Oman

Michel R. Claereboudt*

*Corresponding author for this work

Research output: Chapter in Book/Report/Conference proceedingChapter

4 Citations (Scopus)

Abstract

With more than 3000 km of coastline, the Sultanate of Oman has a complex coastal ecology. The Arabian Sea undergoes two monsoon seasons: the Southwest monsoon during the 4 months of the summer and a Northeast monsoon from December to March. Both contribute to major nutrient injection to surface waters and drive a very high primary production which in turn feeds complex and rich marine communities. The Sultanate of Oman is currently developing rapidly, supported by the exploitation of fossil hydrocarbons. The government is now aiming at an economic diversification based in particular on tourism, fisheries, aquaculture, and port services which necessitates major shore infrastructure development threatening the coastal environment. Although adequate regulation is often in place, enforcement remains difficult given the length of the coastline and the rapid pace of all aspects of this economic development. Global changes are likely to affect Oman but unusual features will make it less affected than other parts of the Indian Ocean. The summer strong thermocline will protect the shallow environments from excessive temperature, but the rise of this thermocline risks allowing hypoxic water to invade shallow communities, leading to increased mortalities.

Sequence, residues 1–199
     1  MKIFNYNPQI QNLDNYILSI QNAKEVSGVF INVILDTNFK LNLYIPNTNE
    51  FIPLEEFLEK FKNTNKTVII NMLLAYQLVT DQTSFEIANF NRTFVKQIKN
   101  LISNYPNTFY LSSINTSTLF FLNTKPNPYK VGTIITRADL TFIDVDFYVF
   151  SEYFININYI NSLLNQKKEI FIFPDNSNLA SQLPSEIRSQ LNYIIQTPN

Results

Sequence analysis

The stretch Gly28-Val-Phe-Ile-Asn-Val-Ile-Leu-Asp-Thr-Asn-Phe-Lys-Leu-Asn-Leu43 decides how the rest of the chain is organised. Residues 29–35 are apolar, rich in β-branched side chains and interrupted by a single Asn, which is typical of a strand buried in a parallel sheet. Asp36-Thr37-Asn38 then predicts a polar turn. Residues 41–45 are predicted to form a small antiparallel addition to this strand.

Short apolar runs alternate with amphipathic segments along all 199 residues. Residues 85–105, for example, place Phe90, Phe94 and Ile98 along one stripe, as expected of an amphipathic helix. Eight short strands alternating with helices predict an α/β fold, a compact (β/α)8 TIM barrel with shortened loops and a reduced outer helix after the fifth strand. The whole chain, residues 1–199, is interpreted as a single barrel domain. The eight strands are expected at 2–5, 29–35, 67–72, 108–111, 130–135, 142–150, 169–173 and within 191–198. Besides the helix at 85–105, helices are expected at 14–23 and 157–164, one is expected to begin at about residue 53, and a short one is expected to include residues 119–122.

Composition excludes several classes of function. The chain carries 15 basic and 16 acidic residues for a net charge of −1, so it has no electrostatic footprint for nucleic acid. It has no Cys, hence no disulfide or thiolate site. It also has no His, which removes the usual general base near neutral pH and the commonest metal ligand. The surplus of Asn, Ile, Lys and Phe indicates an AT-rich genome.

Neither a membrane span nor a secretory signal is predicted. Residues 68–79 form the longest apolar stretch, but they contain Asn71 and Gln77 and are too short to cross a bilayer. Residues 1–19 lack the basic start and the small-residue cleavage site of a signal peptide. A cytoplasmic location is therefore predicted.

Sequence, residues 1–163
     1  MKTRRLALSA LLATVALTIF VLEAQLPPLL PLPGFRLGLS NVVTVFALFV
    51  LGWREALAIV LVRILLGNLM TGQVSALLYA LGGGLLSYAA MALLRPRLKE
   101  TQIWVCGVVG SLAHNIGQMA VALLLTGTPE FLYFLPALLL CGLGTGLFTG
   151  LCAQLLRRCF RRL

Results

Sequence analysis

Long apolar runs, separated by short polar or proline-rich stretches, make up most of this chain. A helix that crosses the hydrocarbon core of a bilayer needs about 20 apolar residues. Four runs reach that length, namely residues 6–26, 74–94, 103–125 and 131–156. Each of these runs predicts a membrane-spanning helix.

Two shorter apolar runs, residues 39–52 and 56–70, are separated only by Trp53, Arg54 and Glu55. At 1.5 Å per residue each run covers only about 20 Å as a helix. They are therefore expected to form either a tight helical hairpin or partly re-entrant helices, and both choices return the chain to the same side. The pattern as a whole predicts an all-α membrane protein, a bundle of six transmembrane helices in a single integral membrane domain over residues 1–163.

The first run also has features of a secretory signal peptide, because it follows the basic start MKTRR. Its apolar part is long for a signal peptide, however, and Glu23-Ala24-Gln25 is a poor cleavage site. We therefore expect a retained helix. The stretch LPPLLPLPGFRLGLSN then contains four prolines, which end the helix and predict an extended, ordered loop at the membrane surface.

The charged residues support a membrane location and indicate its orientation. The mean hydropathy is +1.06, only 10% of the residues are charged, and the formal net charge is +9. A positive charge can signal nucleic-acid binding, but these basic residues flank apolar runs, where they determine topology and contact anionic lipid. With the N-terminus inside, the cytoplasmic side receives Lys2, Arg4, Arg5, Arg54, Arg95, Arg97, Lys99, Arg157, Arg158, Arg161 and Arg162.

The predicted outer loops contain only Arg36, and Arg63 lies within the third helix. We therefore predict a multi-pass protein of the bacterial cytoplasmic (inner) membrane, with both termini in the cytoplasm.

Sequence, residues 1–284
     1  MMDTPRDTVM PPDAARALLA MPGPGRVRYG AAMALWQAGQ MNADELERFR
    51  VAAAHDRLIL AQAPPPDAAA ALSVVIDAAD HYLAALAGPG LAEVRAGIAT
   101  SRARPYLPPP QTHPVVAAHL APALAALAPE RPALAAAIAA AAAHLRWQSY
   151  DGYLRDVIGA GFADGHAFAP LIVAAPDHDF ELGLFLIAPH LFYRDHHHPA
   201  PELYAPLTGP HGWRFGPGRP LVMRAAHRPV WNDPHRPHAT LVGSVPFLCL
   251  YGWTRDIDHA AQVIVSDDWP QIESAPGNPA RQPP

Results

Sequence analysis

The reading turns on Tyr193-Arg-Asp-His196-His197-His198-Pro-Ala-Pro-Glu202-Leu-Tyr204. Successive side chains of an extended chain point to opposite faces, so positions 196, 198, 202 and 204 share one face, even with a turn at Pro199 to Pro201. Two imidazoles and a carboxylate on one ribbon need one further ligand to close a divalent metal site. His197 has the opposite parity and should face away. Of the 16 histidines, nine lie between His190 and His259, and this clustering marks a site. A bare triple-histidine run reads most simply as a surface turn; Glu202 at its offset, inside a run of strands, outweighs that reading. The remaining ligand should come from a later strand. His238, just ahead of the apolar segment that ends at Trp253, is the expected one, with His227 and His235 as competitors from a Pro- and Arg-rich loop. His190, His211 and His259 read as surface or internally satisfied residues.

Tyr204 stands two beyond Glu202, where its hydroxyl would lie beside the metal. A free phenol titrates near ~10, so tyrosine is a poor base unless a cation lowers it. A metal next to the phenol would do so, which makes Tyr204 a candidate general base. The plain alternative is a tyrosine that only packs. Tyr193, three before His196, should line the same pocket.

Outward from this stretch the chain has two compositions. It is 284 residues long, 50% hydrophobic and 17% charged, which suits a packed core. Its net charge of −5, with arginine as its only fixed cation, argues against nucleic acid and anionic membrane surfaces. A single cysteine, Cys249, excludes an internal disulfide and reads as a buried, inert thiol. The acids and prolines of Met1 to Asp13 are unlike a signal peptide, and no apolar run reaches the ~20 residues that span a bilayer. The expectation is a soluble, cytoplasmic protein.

Original languageEnglish
Title of host publicationWorld Seas
Subtitle of host publicationAn Environmental Evaluation Volume II: The Indian Ocean to the Pacific
PublisherElsevier
Pages25-47
Number of pages23
ISBN (Electronic)9780081008539
ISBN (Print)9780128052037
DOIs
Publication statusPublished - Jan 1 2018

Keywords

  • Conservation
  • Fisheries
  • Management
  • Marine ecology
  • Oceanography
  • Oman
  • Pollution
  • Review

ASJC Scopus subject areas

  • Environmental Science(all)

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